Complains about the uncertainty of the fate of Duke Christopher and their two brothers, and expresses his resignation in the event of their death, and trust in Providence. The people are in great terror and perplexity. If the new Governor publishes an amnesty great numbers will avail themselves of it, so that it is necessary to encourage them. If this country falls again under the Spanish yoke, the religion stands in danger of being extinguished everywhere. The Germans, English, and French will perceive the peril of temporising. Proposes plans for raising forces and money, and obtaining leaders. Gives an account of the state of their forces by land and sea in Zealand. Has 71 companies of French, English, Scots, Walloons, and Flemings, together with several ships and a great number of smaller vessels.—Dortrecht, 7 May 1574.
Copy. Fr. Pp. 12½.
May 9. 1411. The Regent of Scotland to Lord Burghley.
The uncertainty of Killegrew's returning to this country has stayed his writing. Thanks him for his care in avoiding the dangerous practices of such as mean mischievously to disturb the present quiet of both the realms. Has written of their particular to Killegrew. The Borders were never in better or quieter state. Cannot impute the impediment at the West Marches to any "inlaik" of Lord Scrope's goodwill, but to the thieves under his charge, who can hardly be brought to make redress. Some person of credit should see matters at that hand put to point. If some direction be not sent for the eschewing of further inconvenience, their boldness will so increase as it will be more difficult to order them hereafter.—Dalkeith, 9 May 1574. Signed.
Add. Endd. P. 2/3.
May 12. 1412. Safe Conduct.
Draft of a safe conduct for M. de Lumbres.—Bois de Vincennes, 12 May 1574. Signed by Brulart.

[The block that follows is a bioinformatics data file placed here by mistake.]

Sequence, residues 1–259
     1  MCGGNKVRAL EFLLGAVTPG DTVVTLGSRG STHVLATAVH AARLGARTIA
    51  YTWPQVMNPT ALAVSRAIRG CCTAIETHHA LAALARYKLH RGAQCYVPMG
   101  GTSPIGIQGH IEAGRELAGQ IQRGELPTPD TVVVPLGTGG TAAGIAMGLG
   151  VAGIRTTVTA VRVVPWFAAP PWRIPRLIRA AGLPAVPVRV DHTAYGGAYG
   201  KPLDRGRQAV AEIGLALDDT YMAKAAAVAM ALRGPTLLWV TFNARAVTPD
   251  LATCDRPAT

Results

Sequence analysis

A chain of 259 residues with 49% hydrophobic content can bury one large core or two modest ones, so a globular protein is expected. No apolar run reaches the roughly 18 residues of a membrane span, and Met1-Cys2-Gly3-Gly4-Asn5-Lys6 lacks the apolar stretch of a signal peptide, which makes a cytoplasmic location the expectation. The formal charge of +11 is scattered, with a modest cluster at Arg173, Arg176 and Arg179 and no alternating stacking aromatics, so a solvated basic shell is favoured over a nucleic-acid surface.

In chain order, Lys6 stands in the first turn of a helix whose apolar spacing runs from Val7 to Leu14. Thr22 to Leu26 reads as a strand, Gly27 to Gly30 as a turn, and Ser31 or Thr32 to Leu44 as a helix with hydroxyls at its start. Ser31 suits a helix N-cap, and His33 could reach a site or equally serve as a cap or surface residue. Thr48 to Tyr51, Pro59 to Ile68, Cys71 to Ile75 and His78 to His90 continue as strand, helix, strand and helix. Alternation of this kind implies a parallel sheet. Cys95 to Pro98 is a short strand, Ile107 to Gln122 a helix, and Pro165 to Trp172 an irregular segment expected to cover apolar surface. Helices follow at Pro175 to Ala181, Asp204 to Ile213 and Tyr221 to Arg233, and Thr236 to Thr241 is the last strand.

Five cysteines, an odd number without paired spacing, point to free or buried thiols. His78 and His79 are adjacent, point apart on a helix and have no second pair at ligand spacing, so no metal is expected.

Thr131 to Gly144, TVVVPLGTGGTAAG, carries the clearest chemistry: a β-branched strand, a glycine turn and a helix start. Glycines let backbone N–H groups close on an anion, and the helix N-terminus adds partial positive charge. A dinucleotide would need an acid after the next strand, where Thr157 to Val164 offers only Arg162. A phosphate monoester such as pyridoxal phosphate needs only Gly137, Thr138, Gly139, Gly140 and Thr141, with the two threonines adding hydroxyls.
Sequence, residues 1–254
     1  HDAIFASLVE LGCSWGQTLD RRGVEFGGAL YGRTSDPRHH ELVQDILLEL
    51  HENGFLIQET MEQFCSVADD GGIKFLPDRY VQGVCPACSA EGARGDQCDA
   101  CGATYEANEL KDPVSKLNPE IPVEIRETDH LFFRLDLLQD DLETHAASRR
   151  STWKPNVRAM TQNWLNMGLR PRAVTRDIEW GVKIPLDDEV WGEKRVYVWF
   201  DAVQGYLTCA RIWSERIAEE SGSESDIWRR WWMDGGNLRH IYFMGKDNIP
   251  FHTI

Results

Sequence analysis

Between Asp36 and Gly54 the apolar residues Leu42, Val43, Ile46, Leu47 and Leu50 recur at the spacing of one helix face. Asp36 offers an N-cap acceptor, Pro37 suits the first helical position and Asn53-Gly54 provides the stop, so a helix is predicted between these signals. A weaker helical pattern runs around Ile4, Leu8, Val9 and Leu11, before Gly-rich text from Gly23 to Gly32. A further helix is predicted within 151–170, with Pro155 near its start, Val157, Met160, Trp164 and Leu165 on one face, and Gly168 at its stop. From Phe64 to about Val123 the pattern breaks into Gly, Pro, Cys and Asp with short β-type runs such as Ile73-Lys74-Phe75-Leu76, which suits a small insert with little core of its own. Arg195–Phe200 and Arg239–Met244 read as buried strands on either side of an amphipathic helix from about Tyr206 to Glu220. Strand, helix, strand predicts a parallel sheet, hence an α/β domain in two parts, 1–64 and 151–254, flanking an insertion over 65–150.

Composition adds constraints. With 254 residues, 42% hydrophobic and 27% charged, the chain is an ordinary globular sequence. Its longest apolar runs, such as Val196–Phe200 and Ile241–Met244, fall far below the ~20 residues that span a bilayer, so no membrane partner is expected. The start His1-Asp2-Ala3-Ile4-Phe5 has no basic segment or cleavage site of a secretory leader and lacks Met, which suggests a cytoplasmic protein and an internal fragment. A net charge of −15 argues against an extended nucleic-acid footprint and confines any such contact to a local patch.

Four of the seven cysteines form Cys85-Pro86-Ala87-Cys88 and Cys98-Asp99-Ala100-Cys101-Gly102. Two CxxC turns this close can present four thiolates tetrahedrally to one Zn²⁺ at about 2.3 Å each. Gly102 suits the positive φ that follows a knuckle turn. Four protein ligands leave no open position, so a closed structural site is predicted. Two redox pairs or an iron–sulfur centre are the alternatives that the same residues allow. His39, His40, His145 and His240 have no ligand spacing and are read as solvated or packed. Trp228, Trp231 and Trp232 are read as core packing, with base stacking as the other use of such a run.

Fr. P. ½.
May 16. 1413. Jacomo Manucci to Francis Walsingham.
Communicates a plan by which the Queen may recover Calais and Boulogne by the help of Count Ludovic. Suggests the advisability of sending help to Count Montgomery. Confirmation of the death of the Grand Duke of Tuscany, by the fact that the Ambassador and his household have appeared in mourning; it will make no alteration in Italy.—Paris, 16 May 1574. Signed. Partly in cipher, deciphered.
Add. Endd. Ital. P. 1
May 17. 1414. Dr. Dale to Lord Burghley.
Is sorry Mr. Leighton had not leisure to speak with him before his departure, and that his men neglected to repair to him before their coming away, as those whom these matters most concern know least of them, and he is very desirous of his direction. Strait watch is laid for all men's doings. Mr. Leighton is a man well chosen, as he is Captain of those isles whence they fear Montgomery should be succoured, and since his coming the face of affairs has changed. The Duke has the countenance of the Court, and is followed by three or four score, very pleasant and jocund, whereas before he was scant accompanied with three or four lacqueys and pages Sees no relief for Montmorency, nisi alicujus majoris periculi metum, his judges are already appointed of the Parliament. They look out matter against him that he should be surety for the money Montgomery had in England. Is not forgetful of the matter of Mr. Wickham, has but even now received the writings of the Deanery. The physicians have declared their judgment that the King cannot pass August. The King of Poland is advertised to be in readiness.—Paris, 17 May 1574. Signed.